It is no surprise to learn that travel levels fell to extreme lows and global tourism suffered its worst year on record in 2020. International arrivals dropped by just under three-quarters (74%), according to latest data from the World Tourism Organization (UNWTO) as destinations worldwide welcomed one billion fewer international arrivals in 2020 than in the previous year.
The scale of the loss is unprecedented and compares with just a -4% decline recorded during the 2009 global economic crisis as widespread travel restrictions to control the spread of the coronavirus pandemic subdued demand. The latest UNWTO World Tourism Barometer puts the cost of the collapse in international travel at USD 1.3 trillion in export revenues – more than 11 times the loss recorded during the 2009 global economic crisis.
Things may not feel any different right now as the evolving nature of the pandemic means many countries have been reintroducing stricter travel restrictions, but the gradual rollout of multiple COVID-19 vaccines is expected to help restore consumer confidence, reduce these restrictions and allow the easing of travel restrictions as we pass through 2021.
The latest UNWTO‘s Panel of Experts survey shows a mixed outlook for 2021. Almost half of respondents (45%) envisaged better prospects for 2021 compared to last year, while 25% expect a similar performance and 30% foresee a worsening of results in 2021. The overall prospects of a rebound in 2021 seem to have worsened too with half respondents (50%) now expecting a rebound to occur only in 2022 as compared to one in five (21%) in Oct-2020.
Positively, the remaining half of respondents still see a potential rebound in 2021, though below the expectations shown in the Oct-2020 survey (79% expected recovery in 2021). Looking further ahead, most experts do not to see a return to pre-pandemic levels happening before 2023. In fact, 43% of respondents point to 2023, while 41% expect a return to 2019 levels will only happen in 2024 or later.
Asia and the Pacific (-84%) – the first region to suffer the impact of the pandemic and the one with the highest level of travel restrictions still in place – recorded the largest decrease in arrivals in 2020 (300 million fewer), according to UNWTO data.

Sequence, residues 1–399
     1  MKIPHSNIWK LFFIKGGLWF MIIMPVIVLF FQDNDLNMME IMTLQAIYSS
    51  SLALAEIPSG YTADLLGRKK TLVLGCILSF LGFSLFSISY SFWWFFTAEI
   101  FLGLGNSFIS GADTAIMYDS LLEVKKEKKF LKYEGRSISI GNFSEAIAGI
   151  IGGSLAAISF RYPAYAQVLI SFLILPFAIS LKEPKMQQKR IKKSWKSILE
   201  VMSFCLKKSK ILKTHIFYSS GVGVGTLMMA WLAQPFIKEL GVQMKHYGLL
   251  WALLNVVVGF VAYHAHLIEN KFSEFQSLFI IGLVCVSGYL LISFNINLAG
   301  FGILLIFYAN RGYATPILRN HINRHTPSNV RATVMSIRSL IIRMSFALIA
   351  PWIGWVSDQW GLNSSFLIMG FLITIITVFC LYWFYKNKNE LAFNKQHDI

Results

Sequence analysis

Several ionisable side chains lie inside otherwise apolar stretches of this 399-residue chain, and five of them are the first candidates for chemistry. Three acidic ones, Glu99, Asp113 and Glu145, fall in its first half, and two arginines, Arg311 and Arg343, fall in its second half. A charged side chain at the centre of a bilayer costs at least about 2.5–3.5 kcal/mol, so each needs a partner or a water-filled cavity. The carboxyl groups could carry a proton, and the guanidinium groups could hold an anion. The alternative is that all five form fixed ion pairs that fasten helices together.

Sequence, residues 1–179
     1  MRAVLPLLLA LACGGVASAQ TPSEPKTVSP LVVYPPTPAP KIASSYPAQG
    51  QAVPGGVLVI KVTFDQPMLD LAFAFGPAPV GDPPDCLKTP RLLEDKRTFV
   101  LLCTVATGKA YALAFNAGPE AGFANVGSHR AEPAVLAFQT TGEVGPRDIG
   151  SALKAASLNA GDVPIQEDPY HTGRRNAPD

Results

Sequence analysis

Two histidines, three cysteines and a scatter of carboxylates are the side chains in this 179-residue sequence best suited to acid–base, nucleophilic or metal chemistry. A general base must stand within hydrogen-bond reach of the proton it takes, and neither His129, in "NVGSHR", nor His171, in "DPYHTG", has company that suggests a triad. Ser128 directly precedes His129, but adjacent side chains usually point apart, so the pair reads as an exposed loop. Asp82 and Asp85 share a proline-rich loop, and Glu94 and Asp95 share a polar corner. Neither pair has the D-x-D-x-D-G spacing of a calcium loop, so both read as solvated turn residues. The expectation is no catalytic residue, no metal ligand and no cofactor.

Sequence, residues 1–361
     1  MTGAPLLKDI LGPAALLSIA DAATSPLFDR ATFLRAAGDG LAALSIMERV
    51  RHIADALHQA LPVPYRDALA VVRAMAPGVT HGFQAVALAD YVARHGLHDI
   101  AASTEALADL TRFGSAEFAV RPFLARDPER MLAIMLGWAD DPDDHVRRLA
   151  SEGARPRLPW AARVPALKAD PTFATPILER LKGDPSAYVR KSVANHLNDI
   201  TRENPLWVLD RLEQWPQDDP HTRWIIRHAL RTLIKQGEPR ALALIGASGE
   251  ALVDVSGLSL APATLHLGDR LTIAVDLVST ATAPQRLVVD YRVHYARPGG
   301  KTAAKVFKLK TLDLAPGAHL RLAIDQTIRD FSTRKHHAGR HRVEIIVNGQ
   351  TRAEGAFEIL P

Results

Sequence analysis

The Middle East and Africa both recorded a -75% decline; Europe recorded a -70% decrease in arrivals, despite a small and short-lived revival in the summer of 2020 and The region suffered the largest drop in absolute terms, with over 500 million fewer international tourists in 2020. The Americas saw a -69% decrease in international arrivals, following somewhat better results in the last quarter of the year.
They say ‘a picture paints a thousand words’. In this regular section CTC – Corporate Travel Community offers a graphical insight into a key industry observation or trend. In this latest edition we use OAG schedule data to look more closely at regional capacity trends through 2020 and into 2021, highlighting that while all regions of the world have suffered some have been – and continue to be – hit harder than others.
This regular section also now incorporates and expands on the charts produced in the 2020 air capacity series ‘Coronavirus Statistics Snapshot’. These include a weekly look at how the pandemic is impacting global flight levels in the world’s largest markets; a week-on-week and year-on-year comparison of flight departures by geographical region and a look at how weekly capacity is trending: the latter comparing levels to 2020 and also to the 2019 baseline performance.
HEADLINE FIGURES FOR WEEK COMMENCING 01-Feb-2021:
Departure frequencies down -0.50% versus last week; down -47.29% versus 2020 and down -48.81% versus 2019.
Seat capacity down -0.59% versus last week; down -49.88% versus 2020 and down -51.18% versus 2019.